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When art is neural: Denis Ducreux’s X-rays

Something more than creativity, these images can offer a scientific contribution to the medical community

This is not the first time that image diagnostics become art. X-rays have long been reinterpreted from an artistic point of view. And often the diagnostic techniques are used to look deep into objects and to reveal their soul, invisible to the naked eye, and even to offer new tools of investigation for archaeologists and professionals who restore the cultural heritage, allowing a scrupulous analysis of working techniques and even making it possible to date their creation. Never before had the human brain ever been the subject of an initiative such as the one undertaken by Denis Ducreux, a radiologist, professor of neuroradiology at the Université Paris-Sud and head of the diagnostic neuroradiology department at the hospital of Bicêtre in France. As far back as 15 years ago, the French radiologist created artistic renderings based on MRI images, but in 2017 he came up with the idea of transforming a personal “passion” into a real project.

© 2018 Denis Ducreux

The idea takes advantage of the technical possibilities offered by latest-generation equipment made by GE Healthcare, the diagnostic imaging giant. The equipment in question – which generates three-dimensional representations of the brain – is used in combination with a neuroimaging software developed by the scientist himself, making it possible to reveal the thin fibres that make up the brain’s “reticulum” and to present them to the public in lively and vibrant colours that leave viewers breathless. Ducreux chose green to highlight the grey matter of the brain, in the form of spheres, and red to delineate the paths of the white matter. The larger the spheres, the greater the number of “connections” and the greater the neural connection.

The limbic belts are the subconscious or instinctive highways of the brain, that channel memories, behaviour and emotions

«That is why all my images concentrate on the limbic systems because they are the core of the unconscious», explained Ducreux during the presentation of his “works” specifying that though these particular images are not used for diagnostic purposes, the high-quality study of the limbic system by means of magnetic resonance is fundamental for research and an understanding of how human beings elaborate emotions. The part of the brain that the French radiologist analysed and re-elaborated is where emotions, behaviour, motivation, long-term memory and smell are generated. It is the centre of a human being’s emotional life and it is crucial to the formation of memories.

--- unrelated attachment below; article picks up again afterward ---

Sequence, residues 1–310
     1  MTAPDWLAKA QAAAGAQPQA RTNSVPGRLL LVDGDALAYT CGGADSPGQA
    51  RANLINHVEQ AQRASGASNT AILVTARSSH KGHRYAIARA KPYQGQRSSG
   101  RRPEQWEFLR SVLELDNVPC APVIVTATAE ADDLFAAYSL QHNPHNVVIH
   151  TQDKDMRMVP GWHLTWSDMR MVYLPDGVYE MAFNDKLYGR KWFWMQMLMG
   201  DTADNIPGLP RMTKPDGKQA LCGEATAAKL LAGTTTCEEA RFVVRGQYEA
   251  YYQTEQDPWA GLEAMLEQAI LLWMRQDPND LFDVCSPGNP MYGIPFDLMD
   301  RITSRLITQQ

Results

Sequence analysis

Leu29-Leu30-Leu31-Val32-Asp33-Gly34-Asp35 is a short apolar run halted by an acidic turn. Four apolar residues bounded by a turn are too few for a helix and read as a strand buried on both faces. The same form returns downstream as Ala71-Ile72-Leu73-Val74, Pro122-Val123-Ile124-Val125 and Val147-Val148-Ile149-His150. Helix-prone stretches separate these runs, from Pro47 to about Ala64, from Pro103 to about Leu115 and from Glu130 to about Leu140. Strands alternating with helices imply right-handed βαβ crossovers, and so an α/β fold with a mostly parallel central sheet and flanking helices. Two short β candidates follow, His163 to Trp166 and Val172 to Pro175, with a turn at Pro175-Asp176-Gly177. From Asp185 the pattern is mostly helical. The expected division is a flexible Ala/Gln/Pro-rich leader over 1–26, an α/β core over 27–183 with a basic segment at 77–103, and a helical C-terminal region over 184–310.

Beyond the sphere of art, the radiologist has cast light on the potential offered by this innovative imaging technology: it could help the medical community – he pointed out – to understand complex ailments such as mental illnesses and addictions, providing an alternative vision of the structures and functions of the brain. «The limbic system refers to man’s inner temple, the subconscious, where behaviour, emotions and memory are elaborated. The MRI images make it possible to trace the fibres of the brain, which provides a different vision of the brain structures and their functions. For a doctor, these images could be potentially useful to identify which parts of the brain are damaged or working normally».


translation by Olga Barmine

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